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SHELL’S ALASKAN FOLLY

Do we really need to have another disaster on the scale of Piper Alpha or Alexander Kielland before Shell starts to apply the same standards to their Alaskan operations as are applied to their international operations? Has anyone ever heard of a 47 year old drilling vessel being used in the Arctic in Norway, or even a 30 year old drilling vessel? Or helicopters without de-icing equipment? Shell has lost control of both of their vessels in Alaska, leading to well publicised groundings. Why do we never hear of loss of control incidents and vessels running aground in the Norwegian Arctic?

COMMENT ON SHELL’S ALASKAN FOLLY BY AN EXPERT

Many of your readers will be familiar with the two major North Sea disasters (Piper Alpha and Alexander Kielland) which together resulted in 290 deaths in the 1980s. Those with longer memories will remember the Sea Gem which was lost (with 13 lives) while being moved in December 1965.
 
These vessels were all constructed in accordance with the standards in force at the time. The standards simply could not have anticipated the ferocity of the conditions under which the vessels would be used, or the specifics of the export system to which the Piper Alpha platform was attached.
 
As suggested by Tennille Tracy’s article, standards are created to address the circumstances of accidents/incidents that have already happened. They cannot anticipate new circumstances and are usually the result of compromises which try to balance the economic costs of applying new standards with the perceived benefits. The Cullen Report into the Piper Alpha disaster proposed the use of Safety Cases which would review both operating practices and equipment standards for specific anticipated circumstances. The Safety Case approach has been adopted globally (outside the US) and has undoubtedly contributed to the fall in the number of accidents/incidents in the offshore oil and gas industry.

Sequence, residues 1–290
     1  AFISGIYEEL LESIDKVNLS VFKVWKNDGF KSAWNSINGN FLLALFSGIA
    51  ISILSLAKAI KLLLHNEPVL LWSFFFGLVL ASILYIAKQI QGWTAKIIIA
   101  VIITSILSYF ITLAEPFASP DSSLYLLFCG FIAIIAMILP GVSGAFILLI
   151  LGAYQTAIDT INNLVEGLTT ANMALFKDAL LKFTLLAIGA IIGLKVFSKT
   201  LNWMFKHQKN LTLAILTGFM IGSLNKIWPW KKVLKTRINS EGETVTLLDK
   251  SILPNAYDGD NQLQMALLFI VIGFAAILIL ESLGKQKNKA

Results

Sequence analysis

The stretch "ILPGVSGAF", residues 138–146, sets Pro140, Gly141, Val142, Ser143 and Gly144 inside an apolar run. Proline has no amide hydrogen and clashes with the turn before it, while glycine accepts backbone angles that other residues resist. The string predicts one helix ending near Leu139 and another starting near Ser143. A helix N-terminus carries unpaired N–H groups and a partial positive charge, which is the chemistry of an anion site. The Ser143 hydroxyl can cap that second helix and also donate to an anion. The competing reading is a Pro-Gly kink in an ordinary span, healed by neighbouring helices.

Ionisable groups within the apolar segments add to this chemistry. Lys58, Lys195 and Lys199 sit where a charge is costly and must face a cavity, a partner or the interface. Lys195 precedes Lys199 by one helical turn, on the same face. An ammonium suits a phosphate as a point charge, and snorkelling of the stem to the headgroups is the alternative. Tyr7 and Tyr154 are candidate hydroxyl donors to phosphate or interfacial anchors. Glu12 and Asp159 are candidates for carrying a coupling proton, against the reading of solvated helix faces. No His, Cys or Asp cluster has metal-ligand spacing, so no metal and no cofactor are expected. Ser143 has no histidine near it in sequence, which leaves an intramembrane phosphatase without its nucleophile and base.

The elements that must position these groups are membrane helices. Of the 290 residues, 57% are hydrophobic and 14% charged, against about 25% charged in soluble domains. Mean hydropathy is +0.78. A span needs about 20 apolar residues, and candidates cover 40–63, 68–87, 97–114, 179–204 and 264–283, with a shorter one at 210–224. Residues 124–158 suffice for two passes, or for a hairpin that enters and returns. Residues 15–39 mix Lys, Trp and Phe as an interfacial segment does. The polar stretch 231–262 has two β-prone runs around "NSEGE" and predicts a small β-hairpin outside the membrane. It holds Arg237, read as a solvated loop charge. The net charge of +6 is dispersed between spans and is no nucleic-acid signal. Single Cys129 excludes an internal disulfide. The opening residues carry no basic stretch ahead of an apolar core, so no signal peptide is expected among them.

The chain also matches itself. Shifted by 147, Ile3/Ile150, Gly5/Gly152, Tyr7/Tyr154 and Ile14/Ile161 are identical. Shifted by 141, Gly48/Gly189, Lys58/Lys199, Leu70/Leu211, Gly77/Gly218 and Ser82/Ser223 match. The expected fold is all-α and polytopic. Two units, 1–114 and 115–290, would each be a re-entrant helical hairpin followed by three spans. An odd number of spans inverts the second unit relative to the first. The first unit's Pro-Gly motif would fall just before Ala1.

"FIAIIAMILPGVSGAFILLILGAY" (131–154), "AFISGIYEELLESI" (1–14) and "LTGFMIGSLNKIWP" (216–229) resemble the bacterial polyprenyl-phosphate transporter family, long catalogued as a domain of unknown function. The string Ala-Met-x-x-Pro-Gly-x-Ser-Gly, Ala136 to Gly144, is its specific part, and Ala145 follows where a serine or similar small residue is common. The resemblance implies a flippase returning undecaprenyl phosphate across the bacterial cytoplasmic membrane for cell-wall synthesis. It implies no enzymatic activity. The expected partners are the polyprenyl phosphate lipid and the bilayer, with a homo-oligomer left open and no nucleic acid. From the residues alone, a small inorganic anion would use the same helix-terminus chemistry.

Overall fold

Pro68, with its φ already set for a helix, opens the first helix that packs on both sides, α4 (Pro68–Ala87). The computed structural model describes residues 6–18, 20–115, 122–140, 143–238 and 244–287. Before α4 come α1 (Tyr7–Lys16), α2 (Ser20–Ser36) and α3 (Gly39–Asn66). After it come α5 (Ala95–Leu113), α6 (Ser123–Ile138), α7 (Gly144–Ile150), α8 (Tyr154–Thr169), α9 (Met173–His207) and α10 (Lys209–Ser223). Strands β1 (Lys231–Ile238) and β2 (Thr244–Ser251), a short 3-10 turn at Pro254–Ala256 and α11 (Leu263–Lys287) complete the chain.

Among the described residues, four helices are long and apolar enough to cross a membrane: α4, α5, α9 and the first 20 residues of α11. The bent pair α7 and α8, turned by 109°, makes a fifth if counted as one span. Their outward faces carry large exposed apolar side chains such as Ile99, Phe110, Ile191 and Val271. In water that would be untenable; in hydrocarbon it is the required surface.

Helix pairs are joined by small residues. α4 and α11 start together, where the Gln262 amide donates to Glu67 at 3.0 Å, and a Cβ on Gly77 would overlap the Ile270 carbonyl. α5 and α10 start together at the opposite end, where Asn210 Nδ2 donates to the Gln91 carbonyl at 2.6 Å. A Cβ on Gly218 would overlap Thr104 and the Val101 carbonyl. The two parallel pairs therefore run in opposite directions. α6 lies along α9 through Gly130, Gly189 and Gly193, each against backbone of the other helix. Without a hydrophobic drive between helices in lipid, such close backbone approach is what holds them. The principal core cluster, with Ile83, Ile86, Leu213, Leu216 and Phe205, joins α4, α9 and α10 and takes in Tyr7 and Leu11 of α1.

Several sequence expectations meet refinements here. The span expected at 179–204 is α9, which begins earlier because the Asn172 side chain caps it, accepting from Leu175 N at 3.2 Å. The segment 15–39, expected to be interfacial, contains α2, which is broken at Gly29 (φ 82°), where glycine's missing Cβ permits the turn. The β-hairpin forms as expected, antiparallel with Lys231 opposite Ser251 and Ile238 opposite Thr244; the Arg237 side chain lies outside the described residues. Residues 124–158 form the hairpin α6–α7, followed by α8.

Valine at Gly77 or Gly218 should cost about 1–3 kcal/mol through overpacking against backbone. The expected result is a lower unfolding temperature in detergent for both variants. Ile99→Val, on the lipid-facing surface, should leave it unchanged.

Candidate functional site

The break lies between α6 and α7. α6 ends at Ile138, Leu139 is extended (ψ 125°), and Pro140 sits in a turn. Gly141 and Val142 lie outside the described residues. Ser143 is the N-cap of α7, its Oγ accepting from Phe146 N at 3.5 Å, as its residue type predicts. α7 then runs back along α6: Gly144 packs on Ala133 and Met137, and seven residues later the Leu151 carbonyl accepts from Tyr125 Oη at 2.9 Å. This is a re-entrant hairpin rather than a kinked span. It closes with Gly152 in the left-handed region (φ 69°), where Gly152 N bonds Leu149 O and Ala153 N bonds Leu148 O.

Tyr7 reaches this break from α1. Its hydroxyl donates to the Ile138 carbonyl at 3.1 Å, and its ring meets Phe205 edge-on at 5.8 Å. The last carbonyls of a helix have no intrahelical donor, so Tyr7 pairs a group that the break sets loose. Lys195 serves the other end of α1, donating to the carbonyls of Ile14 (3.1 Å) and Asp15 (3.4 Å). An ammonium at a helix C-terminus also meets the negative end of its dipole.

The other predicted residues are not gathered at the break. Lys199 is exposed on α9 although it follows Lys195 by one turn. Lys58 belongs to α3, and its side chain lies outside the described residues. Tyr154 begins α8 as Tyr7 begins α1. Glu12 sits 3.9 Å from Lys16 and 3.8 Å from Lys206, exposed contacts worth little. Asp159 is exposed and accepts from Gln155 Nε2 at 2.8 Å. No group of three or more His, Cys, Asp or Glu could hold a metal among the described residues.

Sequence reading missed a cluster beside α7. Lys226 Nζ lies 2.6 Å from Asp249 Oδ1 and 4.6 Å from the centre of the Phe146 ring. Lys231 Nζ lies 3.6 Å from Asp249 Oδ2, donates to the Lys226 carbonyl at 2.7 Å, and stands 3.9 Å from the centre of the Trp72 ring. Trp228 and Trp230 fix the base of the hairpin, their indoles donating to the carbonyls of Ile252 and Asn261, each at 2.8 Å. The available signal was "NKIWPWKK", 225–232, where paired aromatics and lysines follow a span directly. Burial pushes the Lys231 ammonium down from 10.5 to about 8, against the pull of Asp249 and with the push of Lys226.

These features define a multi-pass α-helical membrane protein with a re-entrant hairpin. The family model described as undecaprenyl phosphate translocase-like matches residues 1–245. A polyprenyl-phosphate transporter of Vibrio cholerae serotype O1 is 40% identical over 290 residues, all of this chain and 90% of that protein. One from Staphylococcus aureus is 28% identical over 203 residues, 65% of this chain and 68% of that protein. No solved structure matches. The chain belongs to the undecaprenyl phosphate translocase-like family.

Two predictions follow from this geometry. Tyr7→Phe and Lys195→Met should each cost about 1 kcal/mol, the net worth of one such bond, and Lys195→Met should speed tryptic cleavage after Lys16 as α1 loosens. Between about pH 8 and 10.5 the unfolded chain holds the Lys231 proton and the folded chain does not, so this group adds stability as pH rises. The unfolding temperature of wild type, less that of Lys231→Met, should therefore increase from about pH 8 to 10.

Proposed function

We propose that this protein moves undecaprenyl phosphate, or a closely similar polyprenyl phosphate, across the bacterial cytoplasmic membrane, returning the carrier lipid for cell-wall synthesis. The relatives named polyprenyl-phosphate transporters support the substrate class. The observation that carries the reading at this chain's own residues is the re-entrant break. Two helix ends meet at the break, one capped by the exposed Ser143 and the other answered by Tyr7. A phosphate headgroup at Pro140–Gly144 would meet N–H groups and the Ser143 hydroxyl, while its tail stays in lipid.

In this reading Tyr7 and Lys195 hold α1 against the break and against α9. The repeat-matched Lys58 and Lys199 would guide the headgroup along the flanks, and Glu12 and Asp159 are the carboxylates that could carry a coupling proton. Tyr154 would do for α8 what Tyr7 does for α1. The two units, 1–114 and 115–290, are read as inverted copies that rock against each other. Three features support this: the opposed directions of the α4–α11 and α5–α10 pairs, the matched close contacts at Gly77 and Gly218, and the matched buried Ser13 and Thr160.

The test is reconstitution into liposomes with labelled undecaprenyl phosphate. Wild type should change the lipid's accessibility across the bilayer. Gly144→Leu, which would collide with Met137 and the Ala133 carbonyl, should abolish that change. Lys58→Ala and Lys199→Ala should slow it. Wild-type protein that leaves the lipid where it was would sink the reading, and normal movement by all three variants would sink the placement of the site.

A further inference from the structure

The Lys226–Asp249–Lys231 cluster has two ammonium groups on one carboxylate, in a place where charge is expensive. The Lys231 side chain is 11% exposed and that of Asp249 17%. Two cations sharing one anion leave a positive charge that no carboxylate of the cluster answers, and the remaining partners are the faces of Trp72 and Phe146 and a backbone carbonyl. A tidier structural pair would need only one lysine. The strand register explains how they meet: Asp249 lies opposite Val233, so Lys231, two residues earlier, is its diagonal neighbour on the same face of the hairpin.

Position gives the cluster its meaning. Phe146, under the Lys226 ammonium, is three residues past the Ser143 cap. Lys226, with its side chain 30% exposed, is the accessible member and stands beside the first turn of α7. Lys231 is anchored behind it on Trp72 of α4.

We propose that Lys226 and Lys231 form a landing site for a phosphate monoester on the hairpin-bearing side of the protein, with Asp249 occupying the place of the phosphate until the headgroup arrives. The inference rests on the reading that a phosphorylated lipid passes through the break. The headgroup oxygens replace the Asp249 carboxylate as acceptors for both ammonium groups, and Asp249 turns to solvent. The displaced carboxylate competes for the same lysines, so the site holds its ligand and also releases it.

The US should have learned a lesson from BP’s Macondo disaster, but continues to rely on standards which were written long before deep water or arctic drilling was even considered: fortunately most international operators have their own internal standards (which are required to support their Safety Cases) which far exceed the minima of the applicable statutory requirements, if indeed such statutory requirements exist. However, when no internal operator standard is available and costs can be reduced by applying legal minima, the application of standards written for a different world may result in a disaster. Most US standards are based on operations in the Gulf of Mexico or on land, so it is hardly surprising that they are inadequate for the Arctic.
 
Do we really need to have another disaster on the scale of Piper Alpha or Alexander Kielland before Shell starts to apply the same standards to their Alaskan operations as are applied to their international operations? Has anyone ever heard of a 47 year old drilling vessel being used in the Arctic in Norway, or even a 30 year old drilling vessel? Or helicopters without de-icing equipment? Shell has lost control of both of their vessels in Alaska, leading to well publicised groundings. Why do we never hear of loss of control incidents and vessels running aground in the Norwegian Arctic?
 
The Noble Discoverer was designed long before the Sea Gem accident, and the Kulluk long before Piper Alpha: the creation of new standards will not fix the shortcomings inherent in their designs. 

RELATED

http://www.hse.gov.uk/offshore/safetycases.htm

The day the sea caught fire: 20 years after the Piper Alpha explosion .

Sea Gem oil rig collapses

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